A history-making era in Dallas politics ended last month when neighborhood resident Ron Kirk resigned his post as mayor after having served since May 1995.

Phil Gramm’s impending retirement from the U.S. Sentate, resulting in a rare open seat to be filled next year, presented Kirk with an opportunity that any ambitious and talented politician would have to consider. And that political skill, even more than his barrier-breaking election as Dallas’ first African-American mayor, was one of the things that stood out the most about Ron Kirk.

Since time immemorial, Dallas drew its mayors from a group of Anglo men who were prevailed upon, sometimes reluctantly, to cap off their resumes of business success and establishment-oriented good works by serving a stint as mayor. Seeing these guys in council meetings, or worse yet in citizen forums, you sometimes got that feeling that they’d rather be off having a root canal done.

Kirk, on the other hand, actually looked like he enjoyed the job. Other than a brief interlude with Wes Wise in the ’70s, the first person to break this mold was Annette Strauss, who drew on support form minorities, art supporters, political activists and some in the business community to put together the most diverse coalition yet to elect a mayor. Fast forward to 1995, when the council had acquired a very negative and disreputable image. Meetings frequently erupted into shouting matches, grandstanding, and street theater, with other cities rumored to be using some of the juicier video footage to compete with us for business.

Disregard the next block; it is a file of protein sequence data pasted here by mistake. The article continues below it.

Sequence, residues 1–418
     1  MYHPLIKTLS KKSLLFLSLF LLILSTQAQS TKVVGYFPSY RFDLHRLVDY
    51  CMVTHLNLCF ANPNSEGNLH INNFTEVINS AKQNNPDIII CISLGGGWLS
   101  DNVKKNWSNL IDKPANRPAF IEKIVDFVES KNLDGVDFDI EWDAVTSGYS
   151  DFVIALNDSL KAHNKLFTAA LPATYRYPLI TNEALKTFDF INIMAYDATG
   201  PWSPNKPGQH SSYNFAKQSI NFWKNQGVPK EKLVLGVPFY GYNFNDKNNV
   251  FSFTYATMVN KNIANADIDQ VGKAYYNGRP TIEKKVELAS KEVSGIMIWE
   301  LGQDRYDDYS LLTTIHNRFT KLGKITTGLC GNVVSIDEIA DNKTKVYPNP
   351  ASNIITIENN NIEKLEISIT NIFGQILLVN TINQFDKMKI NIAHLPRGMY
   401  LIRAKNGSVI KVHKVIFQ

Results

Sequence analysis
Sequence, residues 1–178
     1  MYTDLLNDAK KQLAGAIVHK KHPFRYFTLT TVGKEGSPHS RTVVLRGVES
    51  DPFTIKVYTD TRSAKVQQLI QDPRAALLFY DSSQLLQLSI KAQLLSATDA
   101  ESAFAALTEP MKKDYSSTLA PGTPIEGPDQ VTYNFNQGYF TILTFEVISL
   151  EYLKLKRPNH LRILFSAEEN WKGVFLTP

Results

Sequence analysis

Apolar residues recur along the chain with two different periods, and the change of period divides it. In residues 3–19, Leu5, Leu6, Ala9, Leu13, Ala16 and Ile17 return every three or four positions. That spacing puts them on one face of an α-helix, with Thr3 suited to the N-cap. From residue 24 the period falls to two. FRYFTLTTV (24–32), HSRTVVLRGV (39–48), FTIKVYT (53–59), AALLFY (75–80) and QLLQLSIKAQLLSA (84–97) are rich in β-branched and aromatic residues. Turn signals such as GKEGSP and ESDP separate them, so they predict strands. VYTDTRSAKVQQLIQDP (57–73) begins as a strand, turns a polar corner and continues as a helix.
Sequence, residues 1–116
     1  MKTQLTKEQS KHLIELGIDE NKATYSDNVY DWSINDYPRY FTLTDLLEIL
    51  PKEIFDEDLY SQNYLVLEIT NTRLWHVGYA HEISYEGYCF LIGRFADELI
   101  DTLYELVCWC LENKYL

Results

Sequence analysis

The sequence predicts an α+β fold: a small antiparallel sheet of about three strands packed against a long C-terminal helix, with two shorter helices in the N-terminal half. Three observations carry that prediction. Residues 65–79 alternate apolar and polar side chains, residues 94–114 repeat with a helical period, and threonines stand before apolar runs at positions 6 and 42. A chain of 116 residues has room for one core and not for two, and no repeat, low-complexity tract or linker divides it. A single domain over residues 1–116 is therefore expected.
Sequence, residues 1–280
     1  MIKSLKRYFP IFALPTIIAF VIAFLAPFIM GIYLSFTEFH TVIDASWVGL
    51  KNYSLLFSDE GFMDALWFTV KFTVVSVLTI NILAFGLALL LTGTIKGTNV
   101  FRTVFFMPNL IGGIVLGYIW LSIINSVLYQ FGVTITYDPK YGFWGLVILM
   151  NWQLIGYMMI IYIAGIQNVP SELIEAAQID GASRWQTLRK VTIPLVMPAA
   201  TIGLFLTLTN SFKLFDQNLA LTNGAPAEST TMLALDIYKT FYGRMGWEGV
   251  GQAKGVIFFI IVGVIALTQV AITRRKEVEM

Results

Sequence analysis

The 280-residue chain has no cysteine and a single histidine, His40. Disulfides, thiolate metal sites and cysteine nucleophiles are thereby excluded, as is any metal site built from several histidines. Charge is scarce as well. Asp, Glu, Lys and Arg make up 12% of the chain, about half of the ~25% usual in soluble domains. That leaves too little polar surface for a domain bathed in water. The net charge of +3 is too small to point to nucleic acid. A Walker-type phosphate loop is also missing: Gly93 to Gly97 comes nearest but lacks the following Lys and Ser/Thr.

Since his election as mayor, you get the sense that many more of the city’s people came to feel that they had a reasonable amount of political influence at City Hall, thanks also to the advent of the 14-1 council system. High turnouts in South Dallas, which pushed the Trinity River project and Arena votes over the top, underlined the new political reality in Dallas.

Most of all, Kirk had a real talent for using carrots and a few sticks to build a working coalition on the council and for making his position into a bully pulpit, inside City Hall and out, to unify and advocate for the city. Under our council-manager form of city government, the mayor doesn’t have much more formal power than the other council members, but Kirk accrued more power thanks to his political skill and force of personality.

All in all, Ron Kirk was a very politically skillful, in the best sense, mayor of Dallas who will leave a legacy of downtown and inner city neighborhoods beginning to come back, other big projects set in motion for the future, a more cohesive and effective council, and most of all a more united, more open and more progressive city than at the beginning of his tenure.


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